“I need an egg sandwich,” he commands. And it’s then I have the stone cold realization that I have no eggs. I forgot to order them.
The threat of personal bankruptcy would seemingly light a fire under anybody. But sometimes you just want to blow it all up. My kabuki accounting mixed with exhaustion and chronic homesickness were catching up with me. Sixteen hour days left me too tired to count the money. Every evening I would empty the till, stuff it in my pocket and from there, dole it out. I would pay the dishwasher. The Sysco guy. Beer, for me. Beer, for everybody. A new Chevy truck. I kept up this charade until the second winter hit and the grill was dormant and I was literally penniless. In a matter of weeks, I would be voluntarily returning my truck to the finance company. It was that or they were going to take it. I took a bus home.
For two more years I was stranded in Connecticut. I now had a hand-out job at my father’s factory – a cold, pre-war building where I tested battery acid using a pipet and a strange red dye. At night I worked for a militant baker with a death stare I can still see and feel. But what financial ruin couldn’t quite spark, battery acid and baker-abuse apparently did. I was 32 (which at the time felt ancient) and a million miles off course. I had no choice but to start again … once again.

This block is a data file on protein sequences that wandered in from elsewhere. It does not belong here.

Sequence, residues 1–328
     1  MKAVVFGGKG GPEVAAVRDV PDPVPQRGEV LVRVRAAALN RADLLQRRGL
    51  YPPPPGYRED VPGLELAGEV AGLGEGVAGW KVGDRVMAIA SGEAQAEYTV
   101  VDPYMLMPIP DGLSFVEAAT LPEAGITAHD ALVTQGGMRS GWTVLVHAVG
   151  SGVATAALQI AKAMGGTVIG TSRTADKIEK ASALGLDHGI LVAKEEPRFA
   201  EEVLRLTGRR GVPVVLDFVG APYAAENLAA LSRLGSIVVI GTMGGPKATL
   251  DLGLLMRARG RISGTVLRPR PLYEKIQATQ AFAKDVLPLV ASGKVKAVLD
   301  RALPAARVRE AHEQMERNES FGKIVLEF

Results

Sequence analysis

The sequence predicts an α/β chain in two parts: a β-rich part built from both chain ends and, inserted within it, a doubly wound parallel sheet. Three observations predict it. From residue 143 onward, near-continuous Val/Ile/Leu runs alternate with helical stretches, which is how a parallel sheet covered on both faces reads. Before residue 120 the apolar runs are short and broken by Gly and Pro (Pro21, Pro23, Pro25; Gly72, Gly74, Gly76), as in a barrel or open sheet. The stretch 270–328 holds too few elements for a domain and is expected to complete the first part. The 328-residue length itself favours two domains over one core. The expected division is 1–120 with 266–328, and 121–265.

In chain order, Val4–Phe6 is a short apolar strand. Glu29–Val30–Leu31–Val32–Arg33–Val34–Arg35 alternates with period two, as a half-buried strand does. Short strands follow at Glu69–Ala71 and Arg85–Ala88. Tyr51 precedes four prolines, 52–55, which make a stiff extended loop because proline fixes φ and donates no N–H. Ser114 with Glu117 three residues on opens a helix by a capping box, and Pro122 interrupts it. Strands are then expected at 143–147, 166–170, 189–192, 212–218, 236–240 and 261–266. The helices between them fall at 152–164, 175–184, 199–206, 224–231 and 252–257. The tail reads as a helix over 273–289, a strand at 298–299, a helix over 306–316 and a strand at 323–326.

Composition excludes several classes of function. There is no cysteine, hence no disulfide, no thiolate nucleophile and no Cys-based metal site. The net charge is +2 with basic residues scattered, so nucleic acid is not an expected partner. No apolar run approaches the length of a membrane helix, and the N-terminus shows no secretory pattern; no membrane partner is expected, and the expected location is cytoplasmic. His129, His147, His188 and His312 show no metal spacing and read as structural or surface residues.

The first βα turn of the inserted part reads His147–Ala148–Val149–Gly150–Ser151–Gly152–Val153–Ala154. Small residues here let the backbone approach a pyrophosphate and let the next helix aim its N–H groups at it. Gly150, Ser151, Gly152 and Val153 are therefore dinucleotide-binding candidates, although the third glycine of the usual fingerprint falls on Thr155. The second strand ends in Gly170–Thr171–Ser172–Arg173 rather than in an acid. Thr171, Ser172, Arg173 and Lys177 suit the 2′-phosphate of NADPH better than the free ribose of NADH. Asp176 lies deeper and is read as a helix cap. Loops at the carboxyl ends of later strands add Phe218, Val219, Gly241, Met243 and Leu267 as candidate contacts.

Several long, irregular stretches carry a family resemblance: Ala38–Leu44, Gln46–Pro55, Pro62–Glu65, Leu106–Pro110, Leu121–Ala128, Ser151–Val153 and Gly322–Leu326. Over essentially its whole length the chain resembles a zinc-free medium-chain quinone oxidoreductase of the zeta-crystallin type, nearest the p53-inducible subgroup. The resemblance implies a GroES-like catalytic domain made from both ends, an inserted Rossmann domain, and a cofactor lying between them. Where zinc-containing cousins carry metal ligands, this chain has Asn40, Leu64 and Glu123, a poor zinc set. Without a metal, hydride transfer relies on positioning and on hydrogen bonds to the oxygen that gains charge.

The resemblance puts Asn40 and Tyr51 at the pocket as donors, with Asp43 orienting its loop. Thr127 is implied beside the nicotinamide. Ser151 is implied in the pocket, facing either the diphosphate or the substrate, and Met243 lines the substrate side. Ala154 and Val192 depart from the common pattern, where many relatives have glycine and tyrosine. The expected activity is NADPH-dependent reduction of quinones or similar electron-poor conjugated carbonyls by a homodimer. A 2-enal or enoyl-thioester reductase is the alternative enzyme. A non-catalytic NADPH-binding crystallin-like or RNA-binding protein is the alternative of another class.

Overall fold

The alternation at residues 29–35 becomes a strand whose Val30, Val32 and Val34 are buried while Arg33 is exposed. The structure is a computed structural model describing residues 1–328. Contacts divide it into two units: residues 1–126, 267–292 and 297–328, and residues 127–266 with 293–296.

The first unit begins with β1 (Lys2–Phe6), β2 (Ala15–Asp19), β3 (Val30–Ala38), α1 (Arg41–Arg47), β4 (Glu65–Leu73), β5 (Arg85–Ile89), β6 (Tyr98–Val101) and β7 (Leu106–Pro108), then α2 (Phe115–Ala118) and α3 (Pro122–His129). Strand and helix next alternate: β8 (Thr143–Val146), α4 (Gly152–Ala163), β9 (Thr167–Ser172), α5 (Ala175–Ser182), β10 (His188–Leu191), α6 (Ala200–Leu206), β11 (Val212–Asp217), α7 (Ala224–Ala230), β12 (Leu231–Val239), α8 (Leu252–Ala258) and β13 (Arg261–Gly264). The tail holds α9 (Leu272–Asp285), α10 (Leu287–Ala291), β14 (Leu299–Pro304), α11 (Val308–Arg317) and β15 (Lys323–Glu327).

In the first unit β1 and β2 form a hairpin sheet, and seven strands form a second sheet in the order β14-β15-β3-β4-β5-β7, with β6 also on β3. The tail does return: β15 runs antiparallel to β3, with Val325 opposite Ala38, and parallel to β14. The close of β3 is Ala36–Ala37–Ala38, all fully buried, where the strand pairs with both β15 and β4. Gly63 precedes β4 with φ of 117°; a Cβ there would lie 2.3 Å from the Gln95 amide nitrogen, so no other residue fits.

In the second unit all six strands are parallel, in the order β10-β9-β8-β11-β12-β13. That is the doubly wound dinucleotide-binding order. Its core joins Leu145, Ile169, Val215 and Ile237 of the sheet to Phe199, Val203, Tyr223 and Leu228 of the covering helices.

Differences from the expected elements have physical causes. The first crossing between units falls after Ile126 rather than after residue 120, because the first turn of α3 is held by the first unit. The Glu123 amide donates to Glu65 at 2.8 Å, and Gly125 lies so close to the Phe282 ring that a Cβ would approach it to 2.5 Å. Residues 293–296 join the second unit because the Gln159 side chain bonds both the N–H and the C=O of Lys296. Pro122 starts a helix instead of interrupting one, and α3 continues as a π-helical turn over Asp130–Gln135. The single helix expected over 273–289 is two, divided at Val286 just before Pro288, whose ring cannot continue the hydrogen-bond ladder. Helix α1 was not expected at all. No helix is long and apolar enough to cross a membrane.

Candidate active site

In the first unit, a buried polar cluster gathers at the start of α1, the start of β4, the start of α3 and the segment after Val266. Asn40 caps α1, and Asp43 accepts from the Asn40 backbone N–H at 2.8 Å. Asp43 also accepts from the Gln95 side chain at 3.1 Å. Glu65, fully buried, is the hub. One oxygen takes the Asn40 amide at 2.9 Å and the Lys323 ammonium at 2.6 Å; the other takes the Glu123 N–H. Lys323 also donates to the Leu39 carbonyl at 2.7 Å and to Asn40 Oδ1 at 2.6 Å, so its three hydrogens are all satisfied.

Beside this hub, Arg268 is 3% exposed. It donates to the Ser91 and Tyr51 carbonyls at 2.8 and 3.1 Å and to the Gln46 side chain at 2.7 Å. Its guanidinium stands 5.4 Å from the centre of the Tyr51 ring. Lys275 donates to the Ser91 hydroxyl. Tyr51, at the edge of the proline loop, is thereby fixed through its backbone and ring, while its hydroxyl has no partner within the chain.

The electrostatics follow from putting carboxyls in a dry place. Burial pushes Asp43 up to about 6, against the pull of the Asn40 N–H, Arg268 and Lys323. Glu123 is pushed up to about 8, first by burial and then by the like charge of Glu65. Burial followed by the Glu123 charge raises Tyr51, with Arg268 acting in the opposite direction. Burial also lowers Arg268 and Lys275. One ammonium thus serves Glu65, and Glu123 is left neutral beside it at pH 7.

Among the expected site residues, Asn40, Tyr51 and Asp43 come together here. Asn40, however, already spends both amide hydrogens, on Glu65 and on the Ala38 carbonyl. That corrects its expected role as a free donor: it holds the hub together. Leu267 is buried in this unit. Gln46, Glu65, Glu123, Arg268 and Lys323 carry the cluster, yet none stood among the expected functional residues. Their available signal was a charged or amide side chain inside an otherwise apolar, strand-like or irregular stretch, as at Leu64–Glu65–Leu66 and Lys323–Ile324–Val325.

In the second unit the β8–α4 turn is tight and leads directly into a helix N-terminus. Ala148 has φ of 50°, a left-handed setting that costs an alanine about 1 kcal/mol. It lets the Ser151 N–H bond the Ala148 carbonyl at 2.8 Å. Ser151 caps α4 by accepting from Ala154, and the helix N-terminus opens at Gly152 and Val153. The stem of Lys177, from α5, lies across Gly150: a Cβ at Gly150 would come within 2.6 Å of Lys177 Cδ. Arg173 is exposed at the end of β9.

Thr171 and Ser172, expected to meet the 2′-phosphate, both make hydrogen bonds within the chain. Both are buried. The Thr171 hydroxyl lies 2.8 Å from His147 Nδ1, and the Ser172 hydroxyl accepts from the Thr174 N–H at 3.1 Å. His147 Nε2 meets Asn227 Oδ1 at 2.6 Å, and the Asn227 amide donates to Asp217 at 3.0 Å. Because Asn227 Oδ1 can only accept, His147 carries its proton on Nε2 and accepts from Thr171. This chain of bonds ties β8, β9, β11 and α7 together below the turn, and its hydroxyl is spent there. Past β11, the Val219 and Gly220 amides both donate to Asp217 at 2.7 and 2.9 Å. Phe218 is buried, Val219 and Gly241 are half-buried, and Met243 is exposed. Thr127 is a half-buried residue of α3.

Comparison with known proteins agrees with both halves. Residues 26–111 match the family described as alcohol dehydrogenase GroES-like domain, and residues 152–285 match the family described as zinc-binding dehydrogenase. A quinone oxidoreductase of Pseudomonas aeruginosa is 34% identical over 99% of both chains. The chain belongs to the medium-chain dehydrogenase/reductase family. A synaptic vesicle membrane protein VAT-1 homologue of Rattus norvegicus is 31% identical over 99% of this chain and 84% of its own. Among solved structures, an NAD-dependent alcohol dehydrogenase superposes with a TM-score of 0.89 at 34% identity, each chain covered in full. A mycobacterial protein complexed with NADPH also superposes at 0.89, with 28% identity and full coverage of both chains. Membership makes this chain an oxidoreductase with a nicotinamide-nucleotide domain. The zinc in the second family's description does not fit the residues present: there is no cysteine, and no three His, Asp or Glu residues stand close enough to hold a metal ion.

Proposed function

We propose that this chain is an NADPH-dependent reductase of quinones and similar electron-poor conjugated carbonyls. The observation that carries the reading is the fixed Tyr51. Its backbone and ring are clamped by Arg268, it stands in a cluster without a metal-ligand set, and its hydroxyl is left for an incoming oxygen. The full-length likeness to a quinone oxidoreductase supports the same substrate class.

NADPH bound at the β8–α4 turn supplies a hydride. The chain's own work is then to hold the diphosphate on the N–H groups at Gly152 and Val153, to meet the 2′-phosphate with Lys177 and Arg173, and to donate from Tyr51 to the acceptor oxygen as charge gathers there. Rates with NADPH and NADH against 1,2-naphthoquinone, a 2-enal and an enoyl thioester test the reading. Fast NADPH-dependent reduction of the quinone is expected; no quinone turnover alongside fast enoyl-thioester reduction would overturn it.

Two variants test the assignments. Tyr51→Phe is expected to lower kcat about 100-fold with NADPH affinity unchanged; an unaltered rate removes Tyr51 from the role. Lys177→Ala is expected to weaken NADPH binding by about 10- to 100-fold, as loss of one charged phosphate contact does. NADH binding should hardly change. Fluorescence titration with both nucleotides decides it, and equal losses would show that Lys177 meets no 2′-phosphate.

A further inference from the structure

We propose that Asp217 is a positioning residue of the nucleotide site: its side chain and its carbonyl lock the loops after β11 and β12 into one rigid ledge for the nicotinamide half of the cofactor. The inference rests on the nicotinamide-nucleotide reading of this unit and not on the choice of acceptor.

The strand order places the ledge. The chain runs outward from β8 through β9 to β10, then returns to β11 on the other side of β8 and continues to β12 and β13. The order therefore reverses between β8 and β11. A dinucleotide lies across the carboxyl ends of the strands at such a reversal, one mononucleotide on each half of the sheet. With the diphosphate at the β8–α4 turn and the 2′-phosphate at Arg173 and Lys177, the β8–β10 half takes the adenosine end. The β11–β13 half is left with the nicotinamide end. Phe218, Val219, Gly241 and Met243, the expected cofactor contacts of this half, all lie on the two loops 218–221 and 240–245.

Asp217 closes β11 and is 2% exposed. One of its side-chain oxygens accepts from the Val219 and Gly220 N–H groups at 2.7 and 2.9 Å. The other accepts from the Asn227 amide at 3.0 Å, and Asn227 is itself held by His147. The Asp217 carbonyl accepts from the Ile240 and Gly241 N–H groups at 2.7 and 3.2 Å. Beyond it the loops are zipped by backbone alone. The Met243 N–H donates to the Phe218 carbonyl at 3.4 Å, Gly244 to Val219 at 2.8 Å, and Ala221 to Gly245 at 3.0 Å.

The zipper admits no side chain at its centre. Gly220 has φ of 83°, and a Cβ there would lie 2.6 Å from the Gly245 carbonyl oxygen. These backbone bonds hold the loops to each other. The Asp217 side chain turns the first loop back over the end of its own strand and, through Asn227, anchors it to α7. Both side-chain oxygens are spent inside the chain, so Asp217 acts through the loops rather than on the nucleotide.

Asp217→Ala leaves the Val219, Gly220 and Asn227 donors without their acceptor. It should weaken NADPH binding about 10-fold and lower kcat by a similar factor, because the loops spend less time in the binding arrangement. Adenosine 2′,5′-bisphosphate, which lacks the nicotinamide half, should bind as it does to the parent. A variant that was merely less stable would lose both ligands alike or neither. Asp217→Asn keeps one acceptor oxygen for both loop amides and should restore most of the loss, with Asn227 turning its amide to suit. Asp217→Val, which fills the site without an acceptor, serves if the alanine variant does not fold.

I wish I could remember her name, that teacher at the community college in Providence. She patiently taught our night class of adult dreamers how to load film, what an f-stop was and shutter speed and how it all comes together with light to expose the silver on the surface of the film. She taught us the rule of thirds. What it means to document. She treated us as if we had already understood the why. I would take my father’s Minolta, and almost 20 years later, finally load film in it and take pictures around the battery factory making sure to hide my seemingly artsy pursuit from my co-workers for I couldn’t bare the teasing. I took pictures of old hinges. And doorknobs. Radiators and cracked windows. I took pictures of the old barber down the street never asking myself why. I knew why.
I was finally home.
– Rick Scibelli, Jr.
P.S. I would like to express my deepest admiration and appreciation for all of those people who make this magazine possible. It is your success that makes this all worthwhile. This includes our talented and irreplacable managing editor (and distributor, coach, talent scout, therapist, and friend), our copy editor, writers, photographers, artists, distributors, bookkeeper, and our co-publisher who, almost single-handedly, makes this engine run. I would also like to thank our advertisers, some of them having been with us since the beginning (eight years ago). Without your support, we wouldn’t exist. Thank you for your commitment and your continued belief in our stubborn editorial philosophy. We are proud to